16 October 2004

Rising Waters

The Snoqualmie River is getting into its flood season again. The autumn rains bring the river up over its banks and flood out the low-lying roads near us and many roads and farms built on the floodplain further downstream. Flooding along the river is fairly reliable annual event, and gives the local television news people an excuse to drive out to this neck of the woods where not much else happens.

If you’ve ever wondered when the best time to see Snoqualmie Falls is, this is it. The huge volumes of water coming down river after a heavy rain on the west slopes of the Cascades help make up for the fact that 75% of the river water is diverted into the power generation plant. Compared to the anemic flow during the summer, the falls are quite impressive during the rainy autumn season.

15 October 2004

WordPress-Pg 1.2.1 Nearly Released

I’ve gotten the changes for WordPress 1.2.1 merged into the WordPress-Pg project’s CVS on SourceForge now. Theoretically you should be able to check this out with pserver and run it now. I’m working with the project administrator now to get a release tarball together and available. I’ll likely post again when that is done.

My own site here is going to have to languish a little bit because my magic caching action is not yet synced into a CVS branch on its own.

I’d also like to take this moment to point out that DOS line endings are very very evil. The WordPress parent project’s CVS repository has a number of files that have been polluted with DOS line endings which makes doing vendor imports and merging incredibly more painful than it needs to be.

11 October 2004

WordPress-pg Gets Faster...

As a followup to my earlier complaints about the slowness of WordPress (the software that creates this page you see), I’ve managed a pretty good speedup with some lazy caching of filtered content. I’ll make my changes publicly available in the next day or two when I manage to get things cleaned up a little. The basic operating theory is to take the plugin filtered content and save it into the database and then use that rather than refiltering the text every time the page is rendered, of course this work is done when an article is requested that is not already available prefiltered.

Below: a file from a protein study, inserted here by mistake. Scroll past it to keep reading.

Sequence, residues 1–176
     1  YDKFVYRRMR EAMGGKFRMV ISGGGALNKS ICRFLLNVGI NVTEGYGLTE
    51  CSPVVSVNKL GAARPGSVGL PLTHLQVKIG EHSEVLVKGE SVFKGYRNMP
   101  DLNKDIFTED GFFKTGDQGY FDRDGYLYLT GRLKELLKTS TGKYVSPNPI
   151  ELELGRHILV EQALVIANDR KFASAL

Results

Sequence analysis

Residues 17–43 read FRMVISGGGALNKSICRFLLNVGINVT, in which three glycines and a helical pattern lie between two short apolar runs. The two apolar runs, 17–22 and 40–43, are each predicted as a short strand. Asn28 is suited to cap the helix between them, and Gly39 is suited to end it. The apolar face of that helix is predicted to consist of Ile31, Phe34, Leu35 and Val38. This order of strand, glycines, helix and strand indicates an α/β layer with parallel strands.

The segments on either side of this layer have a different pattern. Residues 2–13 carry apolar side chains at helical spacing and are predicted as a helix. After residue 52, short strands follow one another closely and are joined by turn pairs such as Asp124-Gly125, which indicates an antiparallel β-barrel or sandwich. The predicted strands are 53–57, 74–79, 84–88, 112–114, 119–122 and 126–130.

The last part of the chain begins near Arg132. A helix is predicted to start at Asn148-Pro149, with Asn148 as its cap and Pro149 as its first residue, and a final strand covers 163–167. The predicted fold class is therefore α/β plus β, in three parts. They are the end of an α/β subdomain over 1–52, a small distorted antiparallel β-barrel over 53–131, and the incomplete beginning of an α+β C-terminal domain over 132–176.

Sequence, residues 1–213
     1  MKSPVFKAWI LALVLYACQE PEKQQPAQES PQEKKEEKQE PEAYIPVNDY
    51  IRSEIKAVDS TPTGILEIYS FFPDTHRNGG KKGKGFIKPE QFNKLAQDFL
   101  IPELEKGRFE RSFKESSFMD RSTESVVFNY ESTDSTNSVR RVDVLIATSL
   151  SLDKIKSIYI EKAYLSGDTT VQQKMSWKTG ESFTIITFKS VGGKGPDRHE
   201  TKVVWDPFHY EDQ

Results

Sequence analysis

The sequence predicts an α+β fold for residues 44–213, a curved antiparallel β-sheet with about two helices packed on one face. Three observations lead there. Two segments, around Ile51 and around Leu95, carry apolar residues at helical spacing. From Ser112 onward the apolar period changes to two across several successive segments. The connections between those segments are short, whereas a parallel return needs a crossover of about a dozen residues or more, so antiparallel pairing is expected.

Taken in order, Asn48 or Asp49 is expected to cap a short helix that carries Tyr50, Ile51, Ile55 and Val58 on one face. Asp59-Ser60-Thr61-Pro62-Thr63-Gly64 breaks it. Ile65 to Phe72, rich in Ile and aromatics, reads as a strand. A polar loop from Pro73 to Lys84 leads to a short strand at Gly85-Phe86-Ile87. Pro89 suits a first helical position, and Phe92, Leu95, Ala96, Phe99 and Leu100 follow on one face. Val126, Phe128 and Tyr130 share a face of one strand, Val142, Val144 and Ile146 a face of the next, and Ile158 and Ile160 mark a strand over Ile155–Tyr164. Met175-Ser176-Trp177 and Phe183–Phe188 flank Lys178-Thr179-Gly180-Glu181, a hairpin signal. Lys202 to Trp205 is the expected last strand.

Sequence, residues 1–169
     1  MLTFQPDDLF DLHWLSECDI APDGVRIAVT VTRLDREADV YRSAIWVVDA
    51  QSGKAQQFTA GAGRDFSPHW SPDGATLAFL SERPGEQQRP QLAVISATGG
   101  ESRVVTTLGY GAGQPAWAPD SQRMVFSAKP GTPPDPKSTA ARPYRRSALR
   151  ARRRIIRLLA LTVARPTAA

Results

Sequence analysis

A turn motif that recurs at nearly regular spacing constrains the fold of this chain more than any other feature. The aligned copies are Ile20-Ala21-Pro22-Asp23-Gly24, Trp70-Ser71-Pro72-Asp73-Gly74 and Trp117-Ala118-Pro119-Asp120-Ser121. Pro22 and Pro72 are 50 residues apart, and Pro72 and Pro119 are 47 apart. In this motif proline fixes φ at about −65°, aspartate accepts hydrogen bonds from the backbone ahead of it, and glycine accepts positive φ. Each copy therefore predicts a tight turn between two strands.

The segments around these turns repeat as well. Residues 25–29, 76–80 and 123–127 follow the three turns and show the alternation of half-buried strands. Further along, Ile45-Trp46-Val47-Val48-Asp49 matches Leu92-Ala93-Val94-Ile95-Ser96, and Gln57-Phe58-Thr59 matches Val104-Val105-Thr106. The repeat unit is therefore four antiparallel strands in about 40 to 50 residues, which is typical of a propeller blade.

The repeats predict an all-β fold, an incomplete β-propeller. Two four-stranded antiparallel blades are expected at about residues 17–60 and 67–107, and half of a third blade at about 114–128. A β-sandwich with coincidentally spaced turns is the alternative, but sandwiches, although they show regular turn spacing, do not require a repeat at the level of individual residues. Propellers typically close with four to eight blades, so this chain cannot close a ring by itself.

Of course, there are some catches.

  • If you change your set of content filter plugins you have to invalidate the cached copies of the filtered content.

    • This could be very easily automated with the wp-admin page that changes the plugins clobbering the cached copies.

  • The Textile filter in particular needs some minor tweaks to keep it from gobbling the comment based “more” and “nextpage” directives for WordPress.

    • My quick solution to this was to change the normal single hyphen for the del tag in Textile to be three hyphens.

    • A better solution would be to armor the more directive somehow. Or change it to be less susceptible to being clobbered. Or fix the Textile filtering engine so it leaves comments the hell alone. I think I like the last one best.

  • Interactive plugins like the search word highlighting plugin will not work.

    • Fixing this requires the WordPress authors to separate cacheable plugins from interactive ones.

  • I need to backport the security fixes to WordPress-pg

I should point out that this has resulted in a increase in rendering speed for this home page from 3 seconds to 0.4 seconds on some slow old hardware. Nearly an order of magnitude. And from surfing around other WordPress pages, it looks like I’m not the only one that could use this little fixup. I must admit though that I’m not following what is going on in active development of WordPress.